Concluding its 2019 substantive session, the Special Committee on Decolonization today approved draft resolutions on five Non-Self-Governing Territories, including one that would have the General Assembly encourage the administering Power of French Polynesia to recognize and compensate persons impacted by three decades of nuclear testing in the South Pacific Territory.
Wrapping up its work, the 29‑member entity — formally known as the Special Committee on the Situation with regard to the Implementation of the Declaration on the Granting of Independence to Colonial Countries and Peoples — approved texts on the questions of the British Virgin Islands (document A/AC.109/2019/L.14), Guam (document A/AC.109/2019/L.16), Turks and Caicos Islands (document A/AC.109/2019/L.20) and New Caledonia (document A/AC.109/2019/L.22), as well as French Polynesia (document A/AC.109/2019/L.24).
Those texts would have the Assembly reaffirm the right of the peoples of the Territories to self-determination in conformity with the Charter of the United Nations and the Declaration on the Granting of Independence to Colonial Countries and Peoples.
An operative paragraph that would have the Assembly take note of efforts by the administering Power to recognize and compensate persons for the impacts of nuclear testing, and encouraging it to take steps in that regard, was added to “L.24” after the representative of Côte d’Ivoire expressed reservations about a separate operative paragraph that would have the Assembly ask the Secretary-General for updates on the environmental and other impacts of those tests. That paragraph remained in the revised text.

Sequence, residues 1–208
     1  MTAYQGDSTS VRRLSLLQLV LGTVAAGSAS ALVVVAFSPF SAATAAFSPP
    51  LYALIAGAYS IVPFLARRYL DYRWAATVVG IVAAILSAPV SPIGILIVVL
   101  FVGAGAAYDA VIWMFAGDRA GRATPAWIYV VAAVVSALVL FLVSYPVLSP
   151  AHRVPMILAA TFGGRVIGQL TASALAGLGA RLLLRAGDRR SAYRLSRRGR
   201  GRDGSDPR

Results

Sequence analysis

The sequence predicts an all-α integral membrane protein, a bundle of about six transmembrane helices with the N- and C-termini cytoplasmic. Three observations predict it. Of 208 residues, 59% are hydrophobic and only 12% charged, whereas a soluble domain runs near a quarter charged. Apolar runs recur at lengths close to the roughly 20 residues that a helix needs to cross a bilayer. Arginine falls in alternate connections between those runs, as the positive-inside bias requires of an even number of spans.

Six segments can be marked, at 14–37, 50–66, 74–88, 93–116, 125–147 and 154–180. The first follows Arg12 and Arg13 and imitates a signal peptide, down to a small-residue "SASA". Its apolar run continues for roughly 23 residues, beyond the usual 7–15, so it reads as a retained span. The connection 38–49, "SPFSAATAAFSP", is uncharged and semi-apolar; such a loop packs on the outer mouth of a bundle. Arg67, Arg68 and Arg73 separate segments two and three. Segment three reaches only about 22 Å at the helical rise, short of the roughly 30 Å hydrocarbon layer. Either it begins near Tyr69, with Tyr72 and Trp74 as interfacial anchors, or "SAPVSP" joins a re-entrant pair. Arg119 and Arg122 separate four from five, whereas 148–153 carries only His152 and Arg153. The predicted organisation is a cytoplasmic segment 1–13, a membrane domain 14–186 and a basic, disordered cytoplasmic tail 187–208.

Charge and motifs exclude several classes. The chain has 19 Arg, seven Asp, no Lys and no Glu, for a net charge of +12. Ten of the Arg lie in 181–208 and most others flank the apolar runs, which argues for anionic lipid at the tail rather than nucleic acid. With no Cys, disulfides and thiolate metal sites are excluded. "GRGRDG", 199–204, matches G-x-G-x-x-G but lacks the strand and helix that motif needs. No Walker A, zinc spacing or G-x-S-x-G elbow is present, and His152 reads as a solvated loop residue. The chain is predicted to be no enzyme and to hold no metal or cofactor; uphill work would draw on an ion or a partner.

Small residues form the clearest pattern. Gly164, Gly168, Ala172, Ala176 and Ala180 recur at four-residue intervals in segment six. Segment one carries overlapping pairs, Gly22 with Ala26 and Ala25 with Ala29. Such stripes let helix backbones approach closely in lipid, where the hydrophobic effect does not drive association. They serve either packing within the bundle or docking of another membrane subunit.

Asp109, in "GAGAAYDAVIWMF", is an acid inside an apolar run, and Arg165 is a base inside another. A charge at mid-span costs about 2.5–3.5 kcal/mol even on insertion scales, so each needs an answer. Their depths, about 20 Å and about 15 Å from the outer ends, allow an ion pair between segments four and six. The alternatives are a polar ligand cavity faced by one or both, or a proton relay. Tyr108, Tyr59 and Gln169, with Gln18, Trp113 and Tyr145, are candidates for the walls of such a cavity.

In closing remarks, Keisha Aniya McGuire (Grenada), Chair of the Special Committee, said that over two weeks, delegates heard representatives and/or petitioners from 12 Non-Self-Governing Territories and approved 22 resolutions and decisions by consensus. All documents and decisions will be part of the Special Committee’s annual report, with its recommendations to be taken up by the Fourth Committee (Special Political and Decolonization) in October, she said.
Noting that one year remains until the end of the third International Decade for the Eradication of Colonialism (2011-2020), she said more strenuous efforts are required to make progress towards full implementation of all relevant United Nations resolutions, including the Declaration. “The Special Committee will and should continue to play its role in advancing decolonization as mandated by the General Assembly,” she said.
Also speaking today were representatives of Papua New Guinea, Tunisia and Syria.